In Summary
  • There are law schools with many students but no libraries, absent lecturers and administrators, rundown lecture halls.
  • Legal education desperately needs a dedicated body of scholars who are really fulltime.
  • We need to revise our class approach, teaching techniques and curriculum
  • When the teaching of theory is merged with the training of practice at university level, our Kenya School of Law (KSL) will become redundant as a bar training college.

Gina Yashere says in jest that in African families a child has four career choices: doctor, lawyer, engineer or disgrace to the family. When Yashere decided to become a comedian, she immediately slipped abysmally into category four, and thus became a ''disgrace to the family''.

Some professional colleagues often tell me that recent graduates (all of them, including lawyers, doctors and engineers) are a ''disgrace to their family''.

I disagree! I have found among millennials, amazing young men and women of character, deeply informed, excellent writers, sharp like never before. Men and women who will rock the world; young souls who have already made a deep impact in their fields.

Truth be told, I have also met young graduates who are disgustingly superficial. They cannot read and think coherently. They are lazy, uninterested, uninformed and unfocused. Their highest dream is to become wise by osmosis and billionaires thorough GoFundMe. Their horizons and professional ambitions are attached to the tip of their noses. They want an Easter Sunday without a Good Friday.

We (parents, educators and government) have let this happen through our apathy and lack of drive for change. Legal education is crying out for reform in four key areas. The change is possible and doable; there is no rocket science.

Legal education is crying out for decent facilities

First, there are law schools with many students but no libraries, absent lecturers and administrators, rundown lecture halls…when it rains classes are cancelled. How could these graduates become honest lawyers? How can they be wise men and women ready to fight for the common good?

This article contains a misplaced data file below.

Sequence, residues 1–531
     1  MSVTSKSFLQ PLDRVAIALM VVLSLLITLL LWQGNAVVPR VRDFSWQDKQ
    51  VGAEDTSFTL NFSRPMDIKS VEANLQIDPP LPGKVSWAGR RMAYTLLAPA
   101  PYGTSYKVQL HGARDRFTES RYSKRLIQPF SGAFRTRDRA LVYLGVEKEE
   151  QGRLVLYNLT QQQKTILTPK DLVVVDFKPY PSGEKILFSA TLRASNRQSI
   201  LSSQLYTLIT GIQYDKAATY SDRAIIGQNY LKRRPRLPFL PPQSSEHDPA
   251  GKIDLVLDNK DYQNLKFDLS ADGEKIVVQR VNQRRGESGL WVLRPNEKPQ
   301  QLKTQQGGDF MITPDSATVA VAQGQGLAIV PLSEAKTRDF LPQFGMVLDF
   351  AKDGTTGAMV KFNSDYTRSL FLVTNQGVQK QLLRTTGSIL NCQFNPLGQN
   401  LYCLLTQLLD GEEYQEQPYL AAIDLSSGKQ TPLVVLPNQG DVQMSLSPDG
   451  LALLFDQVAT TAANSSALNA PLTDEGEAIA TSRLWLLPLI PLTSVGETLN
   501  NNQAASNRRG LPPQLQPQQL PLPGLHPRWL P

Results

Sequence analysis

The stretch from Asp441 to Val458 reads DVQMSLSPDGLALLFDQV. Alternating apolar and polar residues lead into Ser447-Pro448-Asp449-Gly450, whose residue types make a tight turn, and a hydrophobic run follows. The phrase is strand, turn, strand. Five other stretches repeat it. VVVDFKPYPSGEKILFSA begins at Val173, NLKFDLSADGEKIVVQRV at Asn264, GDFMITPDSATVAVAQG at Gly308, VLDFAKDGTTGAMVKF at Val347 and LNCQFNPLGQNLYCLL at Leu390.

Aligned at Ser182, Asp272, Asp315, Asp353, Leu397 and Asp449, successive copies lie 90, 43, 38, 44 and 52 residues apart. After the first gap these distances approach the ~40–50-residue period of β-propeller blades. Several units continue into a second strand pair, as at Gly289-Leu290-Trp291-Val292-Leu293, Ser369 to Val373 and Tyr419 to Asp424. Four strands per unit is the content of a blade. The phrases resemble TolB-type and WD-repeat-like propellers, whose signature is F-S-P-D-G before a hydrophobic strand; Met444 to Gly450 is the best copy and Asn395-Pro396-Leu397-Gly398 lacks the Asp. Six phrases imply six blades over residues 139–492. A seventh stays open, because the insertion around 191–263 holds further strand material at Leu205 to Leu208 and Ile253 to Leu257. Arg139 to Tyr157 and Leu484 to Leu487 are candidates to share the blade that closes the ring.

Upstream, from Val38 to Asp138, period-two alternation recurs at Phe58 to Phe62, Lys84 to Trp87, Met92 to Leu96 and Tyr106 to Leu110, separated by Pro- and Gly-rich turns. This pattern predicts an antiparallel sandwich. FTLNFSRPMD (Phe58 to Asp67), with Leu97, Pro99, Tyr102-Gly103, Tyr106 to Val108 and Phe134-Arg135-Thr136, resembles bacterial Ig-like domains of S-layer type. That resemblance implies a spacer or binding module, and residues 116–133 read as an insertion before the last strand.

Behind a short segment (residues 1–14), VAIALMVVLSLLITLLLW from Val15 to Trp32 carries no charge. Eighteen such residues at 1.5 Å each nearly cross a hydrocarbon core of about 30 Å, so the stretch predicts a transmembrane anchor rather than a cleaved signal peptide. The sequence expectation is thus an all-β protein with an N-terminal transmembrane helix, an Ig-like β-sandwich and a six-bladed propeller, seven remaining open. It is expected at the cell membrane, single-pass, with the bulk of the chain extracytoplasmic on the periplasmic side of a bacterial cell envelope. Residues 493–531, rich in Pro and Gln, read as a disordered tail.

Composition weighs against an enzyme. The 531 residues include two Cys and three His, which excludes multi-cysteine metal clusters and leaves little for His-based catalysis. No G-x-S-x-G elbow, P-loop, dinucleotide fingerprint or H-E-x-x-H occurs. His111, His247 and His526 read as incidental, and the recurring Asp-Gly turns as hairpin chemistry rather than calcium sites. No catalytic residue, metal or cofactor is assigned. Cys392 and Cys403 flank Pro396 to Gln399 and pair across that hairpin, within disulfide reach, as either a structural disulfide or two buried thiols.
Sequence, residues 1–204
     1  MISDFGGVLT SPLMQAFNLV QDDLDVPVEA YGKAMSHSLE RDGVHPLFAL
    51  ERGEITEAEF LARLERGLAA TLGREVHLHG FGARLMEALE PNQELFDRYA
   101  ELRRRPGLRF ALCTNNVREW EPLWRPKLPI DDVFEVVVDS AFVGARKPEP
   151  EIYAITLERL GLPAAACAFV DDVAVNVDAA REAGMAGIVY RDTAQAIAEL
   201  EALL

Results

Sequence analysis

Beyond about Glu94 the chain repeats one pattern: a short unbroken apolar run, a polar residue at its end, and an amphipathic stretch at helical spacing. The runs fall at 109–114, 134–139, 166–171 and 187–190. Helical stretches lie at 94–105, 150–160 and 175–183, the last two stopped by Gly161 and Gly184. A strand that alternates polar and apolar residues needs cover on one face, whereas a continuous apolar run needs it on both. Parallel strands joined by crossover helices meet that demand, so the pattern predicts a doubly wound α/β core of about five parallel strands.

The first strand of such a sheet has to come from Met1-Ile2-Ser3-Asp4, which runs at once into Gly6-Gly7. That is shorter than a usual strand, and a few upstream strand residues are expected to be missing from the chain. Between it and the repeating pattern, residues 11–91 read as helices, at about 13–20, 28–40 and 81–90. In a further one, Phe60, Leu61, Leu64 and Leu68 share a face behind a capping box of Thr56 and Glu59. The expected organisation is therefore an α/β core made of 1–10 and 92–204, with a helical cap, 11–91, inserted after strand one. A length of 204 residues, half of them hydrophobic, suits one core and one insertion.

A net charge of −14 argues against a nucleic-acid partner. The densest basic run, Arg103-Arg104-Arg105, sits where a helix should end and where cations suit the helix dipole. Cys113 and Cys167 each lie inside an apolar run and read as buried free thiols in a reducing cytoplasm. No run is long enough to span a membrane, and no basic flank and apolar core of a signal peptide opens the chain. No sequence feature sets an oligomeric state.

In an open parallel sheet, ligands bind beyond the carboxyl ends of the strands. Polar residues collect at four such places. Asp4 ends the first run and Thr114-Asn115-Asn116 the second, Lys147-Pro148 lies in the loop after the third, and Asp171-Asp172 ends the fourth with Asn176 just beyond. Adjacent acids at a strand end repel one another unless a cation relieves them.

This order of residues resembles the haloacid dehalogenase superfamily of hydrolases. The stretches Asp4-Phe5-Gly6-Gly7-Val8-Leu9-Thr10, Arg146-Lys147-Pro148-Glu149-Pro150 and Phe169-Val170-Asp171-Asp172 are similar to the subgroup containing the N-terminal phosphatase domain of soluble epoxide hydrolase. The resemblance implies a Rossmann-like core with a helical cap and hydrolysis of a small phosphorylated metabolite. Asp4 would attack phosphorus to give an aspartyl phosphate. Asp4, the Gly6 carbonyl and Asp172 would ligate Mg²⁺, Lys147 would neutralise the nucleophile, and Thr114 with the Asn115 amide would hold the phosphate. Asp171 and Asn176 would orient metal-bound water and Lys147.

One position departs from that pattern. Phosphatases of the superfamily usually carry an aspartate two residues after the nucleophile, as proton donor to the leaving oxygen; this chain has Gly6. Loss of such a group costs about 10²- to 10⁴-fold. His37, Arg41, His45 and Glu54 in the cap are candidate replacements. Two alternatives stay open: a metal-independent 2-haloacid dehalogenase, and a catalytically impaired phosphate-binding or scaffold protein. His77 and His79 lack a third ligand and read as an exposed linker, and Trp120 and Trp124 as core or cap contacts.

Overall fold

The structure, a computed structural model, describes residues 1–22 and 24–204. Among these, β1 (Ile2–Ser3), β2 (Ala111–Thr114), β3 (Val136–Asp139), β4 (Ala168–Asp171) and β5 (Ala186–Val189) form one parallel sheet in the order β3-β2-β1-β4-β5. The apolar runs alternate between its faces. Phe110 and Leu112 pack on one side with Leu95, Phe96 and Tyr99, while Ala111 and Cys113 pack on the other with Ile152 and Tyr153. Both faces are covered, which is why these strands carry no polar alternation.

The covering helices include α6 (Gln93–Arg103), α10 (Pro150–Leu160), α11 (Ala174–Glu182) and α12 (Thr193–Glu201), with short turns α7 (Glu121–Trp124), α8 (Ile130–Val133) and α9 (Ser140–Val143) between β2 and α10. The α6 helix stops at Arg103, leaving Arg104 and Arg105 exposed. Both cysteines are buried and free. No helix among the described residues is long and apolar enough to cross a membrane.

We have sacrificed quality on the altar of quantity, and worshiped profit maximisation. Lecturers are poorly paid and need to make a living out there, in practice. This has deprived many law schools of dedicated lecturers.

The consequence is disastrous; teaching is reduced to passing on pragmatic essentials such as the technicalities of a spiritless law, how to manipulate the system, how to delay justice, adjournment tactics and how to confuse the judge. After all, the best lawyer is not the fairest one, but the one who wins more cases…at any cost.

We have forgotten ethics and those soft skills that will make or break our future graduates. Thus, young lawyers easily become learned hitmen, who have detached the ideal of justice from both education and the legal process. They are smooth operators who can swiftly abuse an archaic system for profit-making, not justice. They rush like hyenas for their prey- any unsuspecting client.

Today, we have around 4,000 lawyers in Kenya whose core business is ambulance- chasing. They make a living by extorting unsuspecting victims, often in collusion with corrupt police officers.

Full-time lecturers fooling themselves

Second, ''full-time'' lecturers who hold more than one ''full-time'' job are fooling themselves. A full-time lecturer who is grass-hopping between different campuses or trying to combine teaching with practice does not have time to prepare lectures, to innovate, to mentor, to create a school of thought, to seek grants or to dedicate any time or energy to such a demanding activity as serious research.

Academic grasshoppers will sooner or later become mediocre and suffer from intellectual stagnation. They will never publish, but simply perish, in a traffic jam.

Legal education desperately needs a dedicated body of scholars who are really fulltime; lecturers who dedicate time and brains to training students on the theory and practice of law, and assess each student’s developmental stage with respect to the core competencies.

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